With pancakes, you’ve got to let it sit, and you’ve got to choose the perfect moment. Once you’ve spooned in the batter, you’ve got to let the heat work its magic for a while without trying to force the issue. When the batter starts to bubble, you still have to be patient–until the moment when it’s bubbling all over. You can test the edge with the spatula to see if it’s ready, really ready. And then you flip. If you’ve done it right, the batter will have become a pancake, the bottom will be golden brown, and the turning will be easy. If you let the batter sit in the heat too long without turning, bubble and bubble until it bubbles no more, it will burn, and get stuck to the pan, and never turn over. Then it can even be hard to remove from the pan.
We were reviewing these principles, my son and I, in the week leading up to Rosh Hashanah, the celebration of the Jewish New Year, and a time of introspection and change. Continue reading
He remembered meeting my mother back in the ‘60s, he said. He told me that what he remembered might surprise me.
This was years ago, not long after my mother died. I was talking to a veteran DC-area activist, who as far as I knew had only met my mother at my wedding.
The activist, a guy in his 60s named Mike, already had the distinction of having been the college roommate of the leader of the religious community (or some might say irreligious community) that my family was part of in my childhood. We’d stumbled upon that random connection years ago. Now, he apparently had another small-world revelation for me.
Somehow it had come up that I’d grown up in Bowie, Maryland, in a Levitt development called Belair. Well, Mike had been part of protests in the Belair development, back in 1963, because the developer would not sell homes to African Americans.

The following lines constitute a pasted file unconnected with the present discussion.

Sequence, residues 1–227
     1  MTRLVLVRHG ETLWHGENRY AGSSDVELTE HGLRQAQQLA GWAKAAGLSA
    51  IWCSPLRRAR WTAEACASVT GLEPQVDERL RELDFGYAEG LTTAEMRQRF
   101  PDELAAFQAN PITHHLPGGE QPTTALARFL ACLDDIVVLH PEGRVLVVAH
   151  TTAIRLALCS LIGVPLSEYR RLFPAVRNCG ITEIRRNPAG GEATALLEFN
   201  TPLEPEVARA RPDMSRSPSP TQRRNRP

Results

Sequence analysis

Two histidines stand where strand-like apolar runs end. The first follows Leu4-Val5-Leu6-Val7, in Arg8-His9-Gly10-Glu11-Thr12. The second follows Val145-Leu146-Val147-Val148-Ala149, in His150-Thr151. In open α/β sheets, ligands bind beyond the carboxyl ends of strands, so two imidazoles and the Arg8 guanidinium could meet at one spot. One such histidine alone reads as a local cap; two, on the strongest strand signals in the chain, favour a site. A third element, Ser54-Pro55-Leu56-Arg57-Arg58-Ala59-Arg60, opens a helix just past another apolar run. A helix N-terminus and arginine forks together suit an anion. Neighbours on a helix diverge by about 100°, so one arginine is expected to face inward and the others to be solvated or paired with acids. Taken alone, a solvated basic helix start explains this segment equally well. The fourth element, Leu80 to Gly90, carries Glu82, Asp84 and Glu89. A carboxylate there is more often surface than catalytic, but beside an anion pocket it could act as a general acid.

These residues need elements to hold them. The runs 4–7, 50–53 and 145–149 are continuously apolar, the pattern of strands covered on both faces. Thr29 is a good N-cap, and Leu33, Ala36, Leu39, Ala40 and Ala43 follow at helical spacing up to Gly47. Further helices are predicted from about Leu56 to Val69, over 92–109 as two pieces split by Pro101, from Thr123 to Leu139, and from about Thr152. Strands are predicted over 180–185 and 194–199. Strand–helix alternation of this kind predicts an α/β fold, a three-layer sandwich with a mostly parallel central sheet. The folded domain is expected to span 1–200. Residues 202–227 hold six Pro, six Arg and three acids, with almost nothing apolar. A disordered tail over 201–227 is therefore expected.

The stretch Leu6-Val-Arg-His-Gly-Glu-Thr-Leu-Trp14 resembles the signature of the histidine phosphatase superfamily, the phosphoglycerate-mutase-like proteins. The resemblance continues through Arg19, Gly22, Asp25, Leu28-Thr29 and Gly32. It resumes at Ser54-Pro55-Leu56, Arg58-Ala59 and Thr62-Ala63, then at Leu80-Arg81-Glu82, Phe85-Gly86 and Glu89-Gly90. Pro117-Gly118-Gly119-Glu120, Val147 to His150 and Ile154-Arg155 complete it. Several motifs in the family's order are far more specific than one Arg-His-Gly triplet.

I mentioned clear memories of having Black neighbors, but admitted that it was perhaps 1968 or 1969. I actually don’t know when they moved in. I was born in 1966 and simply have no memories, of any kind, before I was two or three. But I couldn’t imagine my very-liberal parents buying in a restricted development I told him. He thought his memories suggested otherwise. He was cryptic. But I was pretty sure that Belair hadn’t even been on my parents’ radar screen as early as 1963, and despite her strong political instincts, my mother wasn’t one to do civil disobedience. So he couldn’t have met my mother then. I didn’t say those things aloud. But I did decide to let it go.
Until this week.
I have no one to blame but myself.
The 50th Anniversary March on Washington this past Saturday was the only commemoration that my 8-year-old daughter could hope to attend (since she will be in school on Wednesday, the actual anniversary of the original March). And I blew it.
The next-to-last stop on my recent family trip to Minnesota was, randomly enough, to the Judy Garland Museum in Grand Rapids, MN.
My husband and kids and I had spent two days with my brother’s family at their home in Minneapolis, then four glorious days with them on the north shore of Lake Superior, and three on a smaller lake an hour from both Hibbing (Bob Dylan’s birthplace) and Grand Rapids. The highlight of the small lake visit for me had been, on our last night there, a sighting of a bald eagle taking off from a tree near me, and soaring in all its majesty, right over my head.
It was a week for American icons. Continue reading